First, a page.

The year 2013 marked the 100th anniversary of two ignominious events in America: the imposition of a permanent federal income tax and the creation of the Federal Reserve Board.
Thomas Jefferson — Virginia’s second governor in the post-colonial era and the nation’s third president — opposed both actions on constitutional grounds. He prevailed, as long as he lived.
But others since 1913 (and even before Jefferson’s death in 1826) were hell-bent on confiscating private property, inflating the dollar and diminishing liberties to enrich cronies through aggrandizement of the central government, Kenric Ward writes in a column at Watchdog.org.
Americans have wandered far from the principle of limited federal powers. Ignoring Mr. Jefferson’s distant warnings, the new Old Dominion sided with the grasping heirs of his political nemesis, Alexander Hamilton of New York.
Barack Obama, along with the statewide slate of Virginia Democrats elected in 2013, purport to serve the “common good.” It was a favorite phrase of the mercantilist Hamilton, who twisted the “general welfare,” “commerce” and “supremacy” clauses in the Constitution to open a gigantic can of mischief.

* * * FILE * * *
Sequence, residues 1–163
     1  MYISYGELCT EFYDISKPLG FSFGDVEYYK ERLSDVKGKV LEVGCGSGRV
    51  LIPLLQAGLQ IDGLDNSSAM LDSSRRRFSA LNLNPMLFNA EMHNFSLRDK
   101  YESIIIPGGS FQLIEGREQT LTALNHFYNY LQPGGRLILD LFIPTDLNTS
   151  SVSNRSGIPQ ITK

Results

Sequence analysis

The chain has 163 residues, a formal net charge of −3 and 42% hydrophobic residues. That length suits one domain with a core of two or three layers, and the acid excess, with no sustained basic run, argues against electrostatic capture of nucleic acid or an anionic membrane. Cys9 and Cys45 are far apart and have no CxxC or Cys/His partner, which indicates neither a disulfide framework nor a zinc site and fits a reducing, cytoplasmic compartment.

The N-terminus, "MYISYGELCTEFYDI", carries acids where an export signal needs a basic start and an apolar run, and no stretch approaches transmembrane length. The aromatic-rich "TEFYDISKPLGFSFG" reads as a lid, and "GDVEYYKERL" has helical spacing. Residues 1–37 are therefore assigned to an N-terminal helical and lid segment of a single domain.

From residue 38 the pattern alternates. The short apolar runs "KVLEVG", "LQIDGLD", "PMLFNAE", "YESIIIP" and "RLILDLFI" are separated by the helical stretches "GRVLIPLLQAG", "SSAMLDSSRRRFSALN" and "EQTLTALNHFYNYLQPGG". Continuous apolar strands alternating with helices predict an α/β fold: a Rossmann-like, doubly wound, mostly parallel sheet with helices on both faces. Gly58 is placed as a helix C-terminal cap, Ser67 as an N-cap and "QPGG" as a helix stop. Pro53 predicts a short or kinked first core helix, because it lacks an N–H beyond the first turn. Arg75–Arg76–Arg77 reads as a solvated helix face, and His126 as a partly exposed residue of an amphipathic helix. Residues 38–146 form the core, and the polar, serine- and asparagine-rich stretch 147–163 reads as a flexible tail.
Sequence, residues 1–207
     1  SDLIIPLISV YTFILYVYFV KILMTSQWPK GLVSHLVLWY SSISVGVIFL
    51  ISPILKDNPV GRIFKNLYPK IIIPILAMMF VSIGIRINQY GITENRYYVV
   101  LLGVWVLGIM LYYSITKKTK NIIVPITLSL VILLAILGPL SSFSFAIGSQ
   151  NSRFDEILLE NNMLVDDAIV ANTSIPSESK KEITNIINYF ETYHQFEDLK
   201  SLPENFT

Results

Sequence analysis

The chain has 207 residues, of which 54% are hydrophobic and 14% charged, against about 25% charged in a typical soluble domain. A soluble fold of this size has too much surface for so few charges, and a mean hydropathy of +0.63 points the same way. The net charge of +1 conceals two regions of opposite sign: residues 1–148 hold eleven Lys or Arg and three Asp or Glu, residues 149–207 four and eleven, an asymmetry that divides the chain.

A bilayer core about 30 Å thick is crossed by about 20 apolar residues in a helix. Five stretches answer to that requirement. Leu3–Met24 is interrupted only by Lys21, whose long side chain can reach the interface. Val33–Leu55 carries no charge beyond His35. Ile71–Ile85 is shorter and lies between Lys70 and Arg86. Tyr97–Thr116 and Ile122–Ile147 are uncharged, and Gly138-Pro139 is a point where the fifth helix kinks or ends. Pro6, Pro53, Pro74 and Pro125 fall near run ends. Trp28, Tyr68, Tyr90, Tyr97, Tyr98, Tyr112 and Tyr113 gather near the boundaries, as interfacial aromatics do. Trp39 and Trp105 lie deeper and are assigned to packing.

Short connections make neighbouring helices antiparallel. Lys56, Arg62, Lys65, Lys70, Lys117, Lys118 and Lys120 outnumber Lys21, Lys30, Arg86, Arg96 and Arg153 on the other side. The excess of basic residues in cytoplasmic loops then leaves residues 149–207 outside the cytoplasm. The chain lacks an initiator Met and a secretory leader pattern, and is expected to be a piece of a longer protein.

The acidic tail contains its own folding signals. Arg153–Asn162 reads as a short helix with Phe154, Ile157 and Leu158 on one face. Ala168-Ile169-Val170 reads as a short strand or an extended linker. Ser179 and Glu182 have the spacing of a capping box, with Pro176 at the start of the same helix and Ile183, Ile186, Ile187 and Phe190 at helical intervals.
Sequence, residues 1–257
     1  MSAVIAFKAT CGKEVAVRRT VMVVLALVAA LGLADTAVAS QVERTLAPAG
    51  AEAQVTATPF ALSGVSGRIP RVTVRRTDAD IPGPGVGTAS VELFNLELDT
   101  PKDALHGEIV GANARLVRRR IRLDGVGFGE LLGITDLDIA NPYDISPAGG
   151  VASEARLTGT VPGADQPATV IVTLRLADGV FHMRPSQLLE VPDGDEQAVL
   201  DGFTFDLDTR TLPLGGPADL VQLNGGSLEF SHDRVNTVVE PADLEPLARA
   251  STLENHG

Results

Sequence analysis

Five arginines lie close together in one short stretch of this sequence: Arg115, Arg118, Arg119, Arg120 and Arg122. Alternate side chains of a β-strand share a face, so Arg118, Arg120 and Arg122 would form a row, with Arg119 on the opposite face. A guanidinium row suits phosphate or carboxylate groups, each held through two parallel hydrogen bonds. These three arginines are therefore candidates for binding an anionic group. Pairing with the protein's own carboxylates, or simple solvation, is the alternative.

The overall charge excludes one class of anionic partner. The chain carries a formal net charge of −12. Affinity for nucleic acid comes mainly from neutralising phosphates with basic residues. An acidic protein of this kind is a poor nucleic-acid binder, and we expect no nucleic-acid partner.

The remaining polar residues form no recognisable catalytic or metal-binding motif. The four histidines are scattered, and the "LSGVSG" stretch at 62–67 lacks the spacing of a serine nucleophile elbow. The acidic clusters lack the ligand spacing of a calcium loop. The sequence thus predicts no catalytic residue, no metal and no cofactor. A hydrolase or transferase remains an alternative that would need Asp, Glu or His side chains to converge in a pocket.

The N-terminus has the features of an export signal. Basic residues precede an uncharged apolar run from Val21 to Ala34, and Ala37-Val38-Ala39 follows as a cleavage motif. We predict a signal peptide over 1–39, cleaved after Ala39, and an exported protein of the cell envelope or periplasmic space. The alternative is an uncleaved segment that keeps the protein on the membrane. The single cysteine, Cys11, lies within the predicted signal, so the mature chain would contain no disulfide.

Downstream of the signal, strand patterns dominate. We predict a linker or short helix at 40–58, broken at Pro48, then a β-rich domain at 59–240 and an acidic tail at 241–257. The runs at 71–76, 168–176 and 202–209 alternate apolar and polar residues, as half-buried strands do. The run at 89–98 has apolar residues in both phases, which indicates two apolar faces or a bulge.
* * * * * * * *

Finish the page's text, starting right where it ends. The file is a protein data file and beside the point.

The recipe: More taxing, more spending, more debt, more corporate welfare, more dependence on Washington and, of course, more subservience to unelected federal judges.
(Ironic aside: Republicans hold annual dinners to honor Abraham Lincoln, aWhiggish Hamiltonian who promoted all of the above; Democrats dedicate a day for Jefferson and Andrew Jackson, who definitely did not.)
Jefferson wasn’t the only Virginian who predicted Hamilton’s Big Government fetish would metastasize. James Madison, who succeeded Jefferson in the White House, also embraced the axiom that government which governs least — and is closest to the people — governs best.
Such quaint constitutionalism was obliterated in 1913.
Passage of the 16th Amendment permanently enshrined the federal income tax, giving rise to what Loyola (Md.) University economist Thomas DiLorenzo calls “the invasive tyranny” of the Internal Revenue Service.
The income tax “was the final nail in the coffin of federalism in America,” DiLorenzo writes in “Hamilton’s Curse.” Federalism, properly understood, balances state and national authority, with the federal government exercising only those duties expressly delegated by the states.
To secure the coffin, the Federal Reserve also was founded in 1913. Another Hamilton dream come true.
“The financial elites … were responsible for putting through the Federal Reserve System, as a governmentally created and sanctioned cartel device to enable the nation’s banks to inflate the money supply,” observed Murray Rothbard, a libertarian economist.
Instead of bringing economic stability, the Fed, whose chairman is appointed by the president, has presided over, if not spawned, America’s biggest financial crises.